Kawasaki went to oversized brake discs and brake pads from Kawasaki Heavy Industries (front) and EBC (Kevlar, rear), with Motul brake fluid. Both the front and rear calipers used magnesium carriers, and a Brake Snake prevented the rear lever from getting bent and causing a DNF. Likewise, the front brake line and handlebar perch were safety-wired for reliability, and the radiators were three-core units that were welded to prevent a dreaded DNF. Special pieces spaced the radiator shrouds outward for more cooling air.

Most other modifications were aimed at reliability and dialing the personal details for LaRocco’s riding style. You would think that some mods or settings would come from the team’s efforts with 250s, but the opposite is true. SR500s haven ‘t changed (if there were a ’94 KX500 race bike, it would be identical to MLR’s ’93, since the only parts changed in production would be replaced by works parts), but the 250s have changed every year. LaRocco pointed out that Team Kawasaki used the 500 settings as a baseline for the new 250s.

In other words, if it ain’t broke, don’ t fix it

Jeff Ward’s 1990 KX500 was virtually the same as the 1993 version that Mike LaRocco rode to the final championship.


The Rock’s advice for riding 500s

How did LaRocco become the ’93 500cc champion? By winning races, of course, and by nearly winning them (not throwing it away trying to win them). Of the four races in the series, LaRocco won two (Washougal and Binghamton) and took second in the others (Millville and Steel City). Mike remembered how a broken shifter cost him the ’92 125cc National title and wasn’t about to let the same thing happen. Here are LaRocco’s thoughts on riding 500s, a feat he adapted to quickly and seemingly effortlessly.

Recalling his first rides on the KX500, LaRocco smiles: “When we first tested on 500s, I was off of the pace, but I adapted quickly and was soon able to hang with Kiedrowski. The most important part of riding a 500 is throttle control. That first time, I was out of control and overshooting corners on the stock bike. We worked on the brakes a lot and soon had the bike stopping as fast as it accelerates.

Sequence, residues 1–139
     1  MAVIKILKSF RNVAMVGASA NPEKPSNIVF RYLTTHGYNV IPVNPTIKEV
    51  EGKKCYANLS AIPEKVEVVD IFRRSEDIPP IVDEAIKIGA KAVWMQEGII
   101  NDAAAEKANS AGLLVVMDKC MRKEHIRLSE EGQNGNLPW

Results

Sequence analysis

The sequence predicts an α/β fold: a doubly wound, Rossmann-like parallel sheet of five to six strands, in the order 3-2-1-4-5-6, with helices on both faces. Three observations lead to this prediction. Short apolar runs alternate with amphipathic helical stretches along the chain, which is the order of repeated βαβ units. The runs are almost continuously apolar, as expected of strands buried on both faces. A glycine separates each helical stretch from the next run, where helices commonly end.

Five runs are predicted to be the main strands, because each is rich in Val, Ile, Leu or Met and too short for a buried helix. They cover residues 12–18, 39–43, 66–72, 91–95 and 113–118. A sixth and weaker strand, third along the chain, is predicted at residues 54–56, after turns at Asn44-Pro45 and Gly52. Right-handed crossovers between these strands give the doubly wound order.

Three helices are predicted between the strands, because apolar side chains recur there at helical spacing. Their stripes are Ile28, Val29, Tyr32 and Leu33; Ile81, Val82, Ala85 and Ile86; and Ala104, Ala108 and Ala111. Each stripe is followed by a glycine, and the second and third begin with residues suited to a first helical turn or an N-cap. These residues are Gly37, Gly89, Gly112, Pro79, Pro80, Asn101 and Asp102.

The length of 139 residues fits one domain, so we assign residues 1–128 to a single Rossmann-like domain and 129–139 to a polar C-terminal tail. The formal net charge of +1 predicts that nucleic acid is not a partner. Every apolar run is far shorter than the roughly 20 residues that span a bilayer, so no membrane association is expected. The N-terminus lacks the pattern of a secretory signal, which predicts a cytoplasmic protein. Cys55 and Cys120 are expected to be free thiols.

“It didn’t take long to adapt to the added boost and weight of the 500, and riding 500s helped me with 250s, too. I ride in the powerband and like to roll it on off of the gate and out of comers, as opposed to clutching the 250 like a 125. The 500 really sticks in corners, so you can really make up a lot of ground just by rolling on the throttle and taking wide, smooth lines. By coming in hot and wide, then cutting inside and rolling it on, I can save 20 feet in every comer. That really helped with riding 250s, especially in sweepers, because 500s make you use smooth, fast lines.

“You have to hang on a lot harder on 500s because of the extra power, but I’ve never had a problem with arm-pump in a race. The key is to hang on with your legs as well as your arms, but the biggest factors are throttle control and being smooth.

 “I always start in second gear. It’s such a long gear that you don’t need to take a chance starting in third. You can control the launch easily, and it’ s easy to grab third–no problem.

“Jumping a 500 is bitchin’. I was pretty scared at first but got used to the weight and power quickly. I have this 150-foot tabletop at home, one that I can’t clear on my 250, even tapped out. It’s no problem on my 500! We timed it, and there’s four seconds of hang time. The extra weight of the 500 takes getting used to, and you can’t whip it like a 250, but I really like jumps on my 500. It’s just more precise. I can time the take-offs and landings better than on 250s, too.”